On the one hand, LE8 contains four healthy behaviors (diet, physical activity, nicotine exposure, sleep health). The Healthy Eating Index (HEI-2015) was used to compute the diet score. Periodontitis is more likely to occur in people who have a lower total healthy eating index, according to research by Li XY [39]. Additionally, Iwasaki M, Usui M, and their associates have shown that insufficient sleep is associated with severe periodontitis in Japanese adults [40]. Han DH, and Kim MS’s findings suggested that extra long sleep, those who sleep 9 h or more, is a risk factor for periodontitis [41]. These findings are consistent with the criteria for sleep scoring in LE8. Additionally, in Almohamad M’s study, participants who engaged in more overall physical activity and less overall sedentary behavior had a lower prevalence of periodontal disease [42]. Moreover, smoking is the major preventable risk factor for periodontitis and has been generally confirmed [43,44,45].

On the other hand, the components of LE8 include 4 health factors (body mass index, blood lipids, blood glucose, and blood pressure). Diabetes mellitus (type 1 and type 2) is a known risk factor for periodontitis. According to results from mechanistic research, diabetes mellitus accelerates periodontal deterioration by causing a hyperinflammatory reaction to periodontal bacteria and impairing the healing process [46]. Metabolic syndrome, defined as a cluster of obesity, abnormal blood lipids, abnormal blood pressure and abnormal blood glucose, has been reported to be associated with periodontitis [47].

Overall, the elements contained in the LE8 score are inextricably linked to the risk of periodontitis. Therefore, it makes sense to use the LE8 score to assess periodontal health. It also serves as a reminder to maintain a healthy lifestyle, especially for those who are more susceptible to periodontal disease.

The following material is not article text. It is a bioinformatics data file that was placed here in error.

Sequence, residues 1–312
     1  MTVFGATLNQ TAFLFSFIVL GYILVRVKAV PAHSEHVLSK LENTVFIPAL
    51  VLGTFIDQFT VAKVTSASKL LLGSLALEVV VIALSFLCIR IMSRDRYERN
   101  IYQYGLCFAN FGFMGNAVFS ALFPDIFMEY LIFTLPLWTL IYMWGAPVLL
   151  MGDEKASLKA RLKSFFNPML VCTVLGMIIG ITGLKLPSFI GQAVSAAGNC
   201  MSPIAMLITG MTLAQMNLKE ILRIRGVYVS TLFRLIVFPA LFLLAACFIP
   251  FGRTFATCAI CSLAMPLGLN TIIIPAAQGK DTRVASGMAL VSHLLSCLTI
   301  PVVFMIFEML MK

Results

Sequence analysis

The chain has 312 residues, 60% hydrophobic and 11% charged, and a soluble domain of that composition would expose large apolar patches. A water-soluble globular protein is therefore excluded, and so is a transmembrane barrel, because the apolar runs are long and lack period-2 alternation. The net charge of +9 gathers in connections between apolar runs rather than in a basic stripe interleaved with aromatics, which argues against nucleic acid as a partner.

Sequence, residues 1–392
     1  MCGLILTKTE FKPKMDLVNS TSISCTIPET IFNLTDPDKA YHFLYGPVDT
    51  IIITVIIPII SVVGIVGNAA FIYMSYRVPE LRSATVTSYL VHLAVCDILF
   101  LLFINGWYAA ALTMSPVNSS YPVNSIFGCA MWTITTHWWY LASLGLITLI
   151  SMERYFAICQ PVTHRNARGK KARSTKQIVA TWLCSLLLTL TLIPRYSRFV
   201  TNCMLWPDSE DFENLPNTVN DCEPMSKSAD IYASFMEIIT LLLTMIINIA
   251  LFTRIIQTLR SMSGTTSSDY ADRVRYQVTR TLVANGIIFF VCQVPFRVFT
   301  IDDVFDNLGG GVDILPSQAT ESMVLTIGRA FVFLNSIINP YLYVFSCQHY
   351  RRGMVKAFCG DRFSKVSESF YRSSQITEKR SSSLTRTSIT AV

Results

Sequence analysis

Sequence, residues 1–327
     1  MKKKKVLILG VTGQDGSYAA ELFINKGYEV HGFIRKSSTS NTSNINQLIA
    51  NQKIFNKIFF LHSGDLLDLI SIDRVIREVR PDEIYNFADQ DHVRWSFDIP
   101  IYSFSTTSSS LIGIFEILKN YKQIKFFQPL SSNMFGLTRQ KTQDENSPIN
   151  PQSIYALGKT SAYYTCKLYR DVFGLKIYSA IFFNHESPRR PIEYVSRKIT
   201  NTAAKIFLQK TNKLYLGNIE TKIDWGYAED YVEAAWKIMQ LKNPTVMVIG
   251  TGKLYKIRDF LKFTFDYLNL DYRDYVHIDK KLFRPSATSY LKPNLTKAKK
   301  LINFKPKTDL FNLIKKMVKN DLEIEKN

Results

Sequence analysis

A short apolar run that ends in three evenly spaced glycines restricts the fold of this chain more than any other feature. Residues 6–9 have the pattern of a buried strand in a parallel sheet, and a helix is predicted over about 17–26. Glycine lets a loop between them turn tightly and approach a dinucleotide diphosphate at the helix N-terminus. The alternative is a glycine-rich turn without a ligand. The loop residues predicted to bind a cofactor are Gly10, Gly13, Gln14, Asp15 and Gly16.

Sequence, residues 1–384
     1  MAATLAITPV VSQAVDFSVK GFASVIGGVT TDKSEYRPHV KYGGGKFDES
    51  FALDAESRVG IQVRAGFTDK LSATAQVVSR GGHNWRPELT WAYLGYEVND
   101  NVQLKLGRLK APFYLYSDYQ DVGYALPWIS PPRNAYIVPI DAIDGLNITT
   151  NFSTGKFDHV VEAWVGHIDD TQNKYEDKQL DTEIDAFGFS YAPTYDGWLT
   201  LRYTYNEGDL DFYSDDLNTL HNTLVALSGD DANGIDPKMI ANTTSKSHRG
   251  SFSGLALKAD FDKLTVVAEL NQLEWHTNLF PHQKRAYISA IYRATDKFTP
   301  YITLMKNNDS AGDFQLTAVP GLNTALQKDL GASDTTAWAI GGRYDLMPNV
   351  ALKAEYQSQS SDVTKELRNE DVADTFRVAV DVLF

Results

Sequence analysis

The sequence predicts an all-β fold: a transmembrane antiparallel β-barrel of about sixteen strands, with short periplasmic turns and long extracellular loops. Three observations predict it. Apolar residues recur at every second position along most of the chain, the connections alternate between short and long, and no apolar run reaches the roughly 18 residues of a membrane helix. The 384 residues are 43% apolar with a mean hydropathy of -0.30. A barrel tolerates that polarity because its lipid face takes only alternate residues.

The data for this study came from the NHANES database, which has the advantage of being representative, publicly available, free, and easily accessible. However, it also has some limitations. First, causality cannot be determined by cross-sectional studies. Second, the NHANES database only contains data from Americans and is not typical of the demographics of other nations. Third, we cannot draw direct conclusions about the results of the study, and more prospective longitudinal studies are needed to confirm the study’s findings [48].


This cross-sectional study revealed a negative relationship between the LE8 score and the risk of periodontitis. The results showed that LE8 would be useful as a practical and effective method of promoting periodontal health. It is necessary to conduct more studies on the causal and longitudinal relationships between LE8 and the risk of periodontitis.

Data Availability

All the data can be found in the NHANES database (



Life’s Essential 8


Life’s Essential 7


National Health and Nutrition Examination Survey


The Centers for Disease Control and Prevention and the American Academy of Periodontology


Cardiovascular Health


Chronic Kidney Disease


Nonalcoholic Fatty Liver Disease


Mobile Examination Center


Body Mass Index


Healthy Eating Index


Attached Level


Probing Depth


National Institute on Alcohol Abuse and Alcoholism


Odds Ratio


Confidence Interval


Patient Health Questionnaire-9


Major Adverse Cardiovascular Events


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We would like to thank the NHANES databases for making these data available. Meanwhile, thanks to Zhang Jing (Second Department of Infectious Disease, Shanghai Fifth People’s Hospital, Fudan University) for his work on the NHANES database.


This study was supported by the Guiyang Science and Technology Plan Project (2022-4-12-4).

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XingJin Chen: conceptualization, data merging, date analysis, methodology, writing - original draft. JiangLing Sun: data merging, methodology. FuQian Jin and ChongWen Zeng: data merging, data analysis. JuKun Song, Zhu Chen: methodology, writing - review & editing. Shu Ma: fund support.

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Correspondence to Jukun Song or Zhu Chen.

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Chen, X., Sun, J., Zeng, C. et al. Association between life’s essential 8 and periodontitis: a population-based study. BMC Oral Health 24, 19 (2024).